Whether or not one believes bitcoin is the decentralized future of money or a pyramid scheme masquerading as currency, the reality is that mining bitcoins consumes enormous amounts of energy.
According to U.K. think tank Power Compare, the combined energy usage of bitcoin miners outpaces that of 159 countries. Bitcoin miners’ energy consumption increased by almost 30% in the past month alone. At that pace, the energy required to mine new bitcoins will consume all of the world’s electricity production by 2020, according to Power Compare.
Because of bitcoin’s astronomical price appreciation over the last year, miners have engaged in an arms race to create larger and more powerful computational rigs that can mine more bitcoins. And since it takes a huge and skyrocketing amount of computing power to run a bitcoin mine, the energy requirements are getting higher and higher. Some estimates peg the energy needed for a single transaction as the equivalent to that of one-and-a-half U.S. homes per day.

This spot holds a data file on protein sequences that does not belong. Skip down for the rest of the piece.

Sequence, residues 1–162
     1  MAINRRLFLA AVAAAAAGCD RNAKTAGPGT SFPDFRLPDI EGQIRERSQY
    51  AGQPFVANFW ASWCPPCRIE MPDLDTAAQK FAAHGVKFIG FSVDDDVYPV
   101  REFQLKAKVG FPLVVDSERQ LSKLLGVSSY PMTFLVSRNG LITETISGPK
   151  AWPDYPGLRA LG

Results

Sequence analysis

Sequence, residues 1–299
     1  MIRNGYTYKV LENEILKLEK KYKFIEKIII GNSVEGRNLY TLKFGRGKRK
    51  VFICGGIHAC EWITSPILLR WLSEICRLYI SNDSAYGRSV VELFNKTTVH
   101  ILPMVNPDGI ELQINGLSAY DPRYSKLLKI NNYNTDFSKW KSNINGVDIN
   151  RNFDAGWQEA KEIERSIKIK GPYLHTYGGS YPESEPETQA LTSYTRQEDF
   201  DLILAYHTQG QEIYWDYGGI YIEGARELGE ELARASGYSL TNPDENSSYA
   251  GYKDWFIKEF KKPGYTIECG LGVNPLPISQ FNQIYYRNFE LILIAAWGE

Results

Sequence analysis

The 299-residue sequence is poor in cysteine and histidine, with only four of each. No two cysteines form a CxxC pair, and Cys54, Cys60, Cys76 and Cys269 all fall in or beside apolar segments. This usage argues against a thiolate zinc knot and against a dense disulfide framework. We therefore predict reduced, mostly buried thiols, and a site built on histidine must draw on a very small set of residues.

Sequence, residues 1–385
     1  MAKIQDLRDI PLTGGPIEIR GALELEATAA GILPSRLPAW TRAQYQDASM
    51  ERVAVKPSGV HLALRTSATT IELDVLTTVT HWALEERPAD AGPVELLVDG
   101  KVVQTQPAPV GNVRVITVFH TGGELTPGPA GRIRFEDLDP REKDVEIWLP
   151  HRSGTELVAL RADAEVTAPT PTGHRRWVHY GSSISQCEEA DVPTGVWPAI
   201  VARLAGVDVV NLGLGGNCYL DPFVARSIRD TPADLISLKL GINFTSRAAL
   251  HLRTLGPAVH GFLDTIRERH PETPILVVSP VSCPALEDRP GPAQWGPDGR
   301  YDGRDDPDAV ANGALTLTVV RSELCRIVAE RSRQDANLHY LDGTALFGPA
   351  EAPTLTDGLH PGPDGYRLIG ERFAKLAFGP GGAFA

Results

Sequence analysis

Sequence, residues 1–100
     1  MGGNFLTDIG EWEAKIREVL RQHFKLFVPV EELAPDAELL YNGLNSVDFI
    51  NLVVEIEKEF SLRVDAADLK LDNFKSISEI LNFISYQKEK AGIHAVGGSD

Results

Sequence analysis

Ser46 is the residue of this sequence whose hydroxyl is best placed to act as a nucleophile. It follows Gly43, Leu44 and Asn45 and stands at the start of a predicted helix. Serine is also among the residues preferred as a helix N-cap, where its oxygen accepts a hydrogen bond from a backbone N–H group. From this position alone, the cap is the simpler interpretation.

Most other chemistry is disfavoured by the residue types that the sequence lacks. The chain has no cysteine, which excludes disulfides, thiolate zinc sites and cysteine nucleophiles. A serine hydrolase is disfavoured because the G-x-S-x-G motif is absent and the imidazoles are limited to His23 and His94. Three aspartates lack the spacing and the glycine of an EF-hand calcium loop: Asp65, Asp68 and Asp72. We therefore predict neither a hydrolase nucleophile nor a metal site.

Some bitcoin mines have begun powering their operations with renewable generation. HydroMiner, for instance, is a cryptocurrency mining operation in Europe that meets its demand using hydro projects in the Alps. The company touts its cost of power as 85% less than the rest of Europe. Meanwhile, mines in Iceland have harnessed the island’s geothermal energy to keep the bitcoins flowing.
Which prompted us to wonder whether, in the age of socially responsible investing, a “green” bitcoin ought to be worth more than a “brown” one. On reflection, however, the distinction might not matter if the whole scheme is the house of cards Jamie Dimon believes it to be.